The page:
“…as if it were something ominous.”

Megan McArdle links to this CNN story that reports:

Steven Kazmierczak had been taking three drugs prescribed for him by his psychiatrist, the Northern Illinois University gunman’s girlfriend told CNN.

Jessica Baty said Tuesday that her boyfriend of two years had been taking Xanax, used to treat anxiety, and Ambien, a sleep agent, as well as the antidepressant Prozac.

The first question I had upon hearing about the shooting was “I, for one, wonder if the shooter was on anti-depressants.”

Megan doesn’t see it that way:

This is being reported as if it were something ominous, perhaps the cause of the tragedy. This seems a little much. It’s not exactly shocking to find out that people who go on shooting sprees are often depressed, anxious types with difficulty sleeping.

Megan seems to be missing the point. This kind of rampage murder/suicide was extremely rare. It has since become something that occurs two, three, or four times a year. Everybody asks “what changed?” Most seem to blame “the number of guns” or “gun availability,” but the fact of the matter is that “gun availability” has never been the issue – guns have always been available. Some people blame violent video games, but there doesn’t seem to be a correlation there.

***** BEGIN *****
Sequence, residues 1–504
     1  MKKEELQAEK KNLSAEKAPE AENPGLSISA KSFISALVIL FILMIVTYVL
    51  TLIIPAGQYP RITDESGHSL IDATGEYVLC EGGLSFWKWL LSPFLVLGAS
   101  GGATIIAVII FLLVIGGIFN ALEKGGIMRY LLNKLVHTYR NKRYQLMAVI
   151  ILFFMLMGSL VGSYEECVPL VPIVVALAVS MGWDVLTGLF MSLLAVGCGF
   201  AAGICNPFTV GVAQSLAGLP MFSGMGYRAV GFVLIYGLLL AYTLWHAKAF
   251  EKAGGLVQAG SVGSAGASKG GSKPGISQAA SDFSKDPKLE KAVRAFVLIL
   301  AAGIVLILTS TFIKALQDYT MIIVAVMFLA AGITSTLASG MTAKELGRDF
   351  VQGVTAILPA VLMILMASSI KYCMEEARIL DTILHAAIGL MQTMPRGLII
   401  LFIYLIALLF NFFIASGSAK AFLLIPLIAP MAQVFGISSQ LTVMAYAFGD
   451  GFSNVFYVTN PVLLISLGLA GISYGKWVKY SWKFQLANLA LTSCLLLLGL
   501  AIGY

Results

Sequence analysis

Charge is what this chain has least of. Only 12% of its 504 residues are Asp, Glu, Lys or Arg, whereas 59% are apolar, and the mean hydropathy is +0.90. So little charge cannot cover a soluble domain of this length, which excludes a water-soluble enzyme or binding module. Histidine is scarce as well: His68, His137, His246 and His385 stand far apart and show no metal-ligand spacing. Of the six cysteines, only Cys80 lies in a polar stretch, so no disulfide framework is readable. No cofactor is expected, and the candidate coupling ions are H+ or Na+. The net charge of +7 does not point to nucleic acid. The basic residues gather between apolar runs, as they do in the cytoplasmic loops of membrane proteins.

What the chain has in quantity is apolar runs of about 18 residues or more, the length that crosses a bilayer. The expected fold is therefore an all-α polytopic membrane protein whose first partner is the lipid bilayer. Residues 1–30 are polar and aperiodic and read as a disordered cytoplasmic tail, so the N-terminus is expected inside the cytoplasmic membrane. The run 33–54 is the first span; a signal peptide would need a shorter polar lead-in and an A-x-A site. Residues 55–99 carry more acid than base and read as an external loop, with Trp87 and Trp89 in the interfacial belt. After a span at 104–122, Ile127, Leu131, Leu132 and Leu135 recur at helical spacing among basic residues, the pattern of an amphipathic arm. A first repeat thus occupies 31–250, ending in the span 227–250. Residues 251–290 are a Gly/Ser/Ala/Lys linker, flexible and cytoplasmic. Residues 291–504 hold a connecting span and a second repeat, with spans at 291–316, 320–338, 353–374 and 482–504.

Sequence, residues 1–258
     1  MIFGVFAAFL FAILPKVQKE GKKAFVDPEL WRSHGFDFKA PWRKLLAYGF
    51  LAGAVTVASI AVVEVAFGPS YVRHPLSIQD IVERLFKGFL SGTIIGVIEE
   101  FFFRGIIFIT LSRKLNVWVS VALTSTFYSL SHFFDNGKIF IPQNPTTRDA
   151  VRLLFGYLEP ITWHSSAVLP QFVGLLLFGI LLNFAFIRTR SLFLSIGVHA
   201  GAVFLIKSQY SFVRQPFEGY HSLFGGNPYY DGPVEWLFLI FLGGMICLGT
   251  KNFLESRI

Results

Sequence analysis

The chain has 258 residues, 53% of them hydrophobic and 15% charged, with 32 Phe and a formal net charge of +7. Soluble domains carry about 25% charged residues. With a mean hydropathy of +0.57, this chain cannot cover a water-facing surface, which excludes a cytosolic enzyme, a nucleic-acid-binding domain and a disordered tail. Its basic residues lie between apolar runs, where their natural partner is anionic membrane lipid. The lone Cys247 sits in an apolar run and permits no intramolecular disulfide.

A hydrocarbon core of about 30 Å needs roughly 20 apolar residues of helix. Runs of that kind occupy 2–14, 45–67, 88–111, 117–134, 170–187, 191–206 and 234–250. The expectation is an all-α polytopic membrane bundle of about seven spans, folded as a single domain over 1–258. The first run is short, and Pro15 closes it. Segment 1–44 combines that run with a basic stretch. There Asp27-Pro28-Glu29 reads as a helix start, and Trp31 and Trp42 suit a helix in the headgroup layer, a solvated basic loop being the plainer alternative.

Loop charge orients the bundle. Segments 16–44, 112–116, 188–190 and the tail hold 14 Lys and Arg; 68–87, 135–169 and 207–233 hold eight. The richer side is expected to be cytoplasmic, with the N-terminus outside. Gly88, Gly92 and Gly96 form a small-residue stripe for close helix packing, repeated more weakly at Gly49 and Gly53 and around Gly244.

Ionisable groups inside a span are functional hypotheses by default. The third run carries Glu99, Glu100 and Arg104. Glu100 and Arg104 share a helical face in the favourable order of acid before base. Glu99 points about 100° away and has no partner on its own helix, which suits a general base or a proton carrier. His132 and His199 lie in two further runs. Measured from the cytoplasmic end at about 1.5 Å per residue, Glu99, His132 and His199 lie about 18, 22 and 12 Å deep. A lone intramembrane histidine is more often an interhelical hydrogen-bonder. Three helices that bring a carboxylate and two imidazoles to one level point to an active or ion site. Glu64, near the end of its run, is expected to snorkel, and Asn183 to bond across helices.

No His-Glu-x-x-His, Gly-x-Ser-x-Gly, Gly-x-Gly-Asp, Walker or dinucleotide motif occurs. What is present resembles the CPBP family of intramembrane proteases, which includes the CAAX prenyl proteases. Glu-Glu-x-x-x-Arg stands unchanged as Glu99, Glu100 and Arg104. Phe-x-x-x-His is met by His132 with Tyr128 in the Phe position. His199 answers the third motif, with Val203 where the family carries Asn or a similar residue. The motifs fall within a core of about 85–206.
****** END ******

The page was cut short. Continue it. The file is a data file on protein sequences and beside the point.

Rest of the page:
The one thing that seems to be consistent is that the shooters are often on (or recently off of) medications like Prozac. According to this NY Times piece:

Over the years, the antidepressant Prozac and its cousins, including Paxil and Zoloft, have been linked to suicide and violence in hundreds of patients. Tens of millions of people have taken them, and doctors say it is almost impossible to tell whether the spasms of violence stem in part from drug reactions or the underlying illnesses.

Tens of millions. Well, gee, how many “rampage shootings” did the U.S. (or the world, for that matter) see prior to the widespread use of these drugs, and how many do we see now? And if these drugs affect only 1/100 of 1% of people this way, that’s 1,000 out of every 10,000,000.

So yes, Megan, many of us are wondering if Prozac wasn’t a contributor to Kazmierczak’s decision to murder a bunch of college students and then kill himself. The correlation seems to point in that direction.

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